Used as a fortress by the Incas, Waqrapukara is an impressive archaeological site off-the-beaten-track in Cusco, and a must visit for adventurers.
Located in the district of Acos in the department of Cusco, Waqrapukara (also spelled Waqra Pukara) is carved into and built upon the slopes of a hillside with an overlooking view of the grand Apurimac River. Only in 2017 was it declared a Cultural Heritage Site by Peru’s Ministry of Culture.
Waqra means “horn” in Quechua, while Pukara means “fortress.”
The structure of Waqrapukara
Waqrapukara features two groups of buildings; the first is located in the upper part of a mass of rocks jutting out from the hill while the other is made up of 2 enclosures on the west side of the hill. The latter of these is thought to have been for ceremonial use only.
The foundations of the site are actually pre-Inca, dating back to the Q’anchi culture. The Inca constructions came later under the reign of Huayna Capac.
Conservation of Waqrapukara is an immediate and long term priority for the municipal governments now that it has been given proper recognition as a Cultural Heritage Site.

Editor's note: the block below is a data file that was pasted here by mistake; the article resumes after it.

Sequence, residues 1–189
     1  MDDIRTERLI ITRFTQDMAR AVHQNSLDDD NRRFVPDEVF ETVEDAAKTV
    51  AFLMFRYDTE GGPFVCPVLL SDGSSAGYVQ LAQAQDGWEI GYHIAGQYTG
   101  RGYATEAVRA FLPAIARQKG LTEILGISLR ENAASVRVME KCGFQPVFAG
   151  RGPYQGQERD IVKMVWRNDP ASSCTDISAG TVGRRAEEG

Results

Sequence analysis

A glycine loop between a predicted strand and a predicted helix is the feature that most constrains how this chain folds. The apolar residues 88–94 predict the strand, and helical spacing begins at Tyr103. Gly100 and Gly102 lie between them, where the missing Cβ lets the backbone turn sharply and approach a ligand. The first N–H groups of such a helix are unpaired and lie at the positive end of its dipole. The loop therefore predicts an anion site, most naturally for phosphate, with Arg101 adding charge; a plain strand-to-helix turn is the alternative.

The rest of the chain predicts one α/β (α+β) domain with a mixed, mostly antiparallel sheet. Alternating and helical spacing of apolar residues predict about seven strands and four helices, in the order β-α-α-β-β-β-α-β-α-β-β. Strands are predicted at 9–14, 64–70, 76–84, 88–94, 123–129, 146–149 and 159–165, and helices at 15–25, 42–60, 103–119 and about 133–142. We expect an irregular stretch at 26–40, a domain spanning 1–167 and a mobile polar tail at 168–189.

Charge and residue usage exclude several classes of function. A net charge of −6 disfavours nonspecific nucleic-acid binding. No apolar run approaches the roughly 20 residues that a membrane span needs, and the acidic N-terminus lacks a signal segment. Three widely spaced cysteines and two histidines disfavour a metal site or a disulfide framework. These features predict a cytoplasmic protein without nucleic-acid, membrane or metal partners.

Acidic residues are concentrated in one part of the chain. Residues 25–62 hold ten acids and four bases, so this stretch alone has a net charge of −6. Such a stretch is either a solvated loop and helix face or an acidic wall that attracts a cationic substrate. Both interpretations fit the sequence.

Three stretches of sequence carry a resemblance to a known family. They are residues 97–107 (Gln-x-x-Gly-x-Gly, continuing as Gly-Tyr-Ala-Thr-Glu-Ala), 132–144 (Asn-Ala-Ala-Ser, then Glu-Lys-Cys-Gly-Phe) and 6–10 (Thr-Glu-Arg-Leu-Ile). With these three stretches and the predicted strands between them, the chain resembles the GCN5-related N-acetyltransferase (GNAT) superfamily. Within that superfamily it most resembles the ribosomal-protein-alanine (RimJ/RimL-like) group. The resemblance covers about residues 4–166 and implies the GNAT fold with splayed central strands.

How to get to Waqrapukara
Tours will start in Cusco city (very early in the morning) and will drive groups southeast for about 3-3.5 hours. You will arrive at either the town of Santa Lucia, or the small community of Huayqui. It’s either a 3 hours or 2 hour hike, respectively, from these starting points to Waqrapukara. The tour will let you explore the fortress for the afternoon and take you back to Cusco around sunset.
Contact [email protected] to find out how to book a trip to Waqrapukara.
Cover photo: ElComercio.pe
This article has been updated from its original publication on July 21, 2017.
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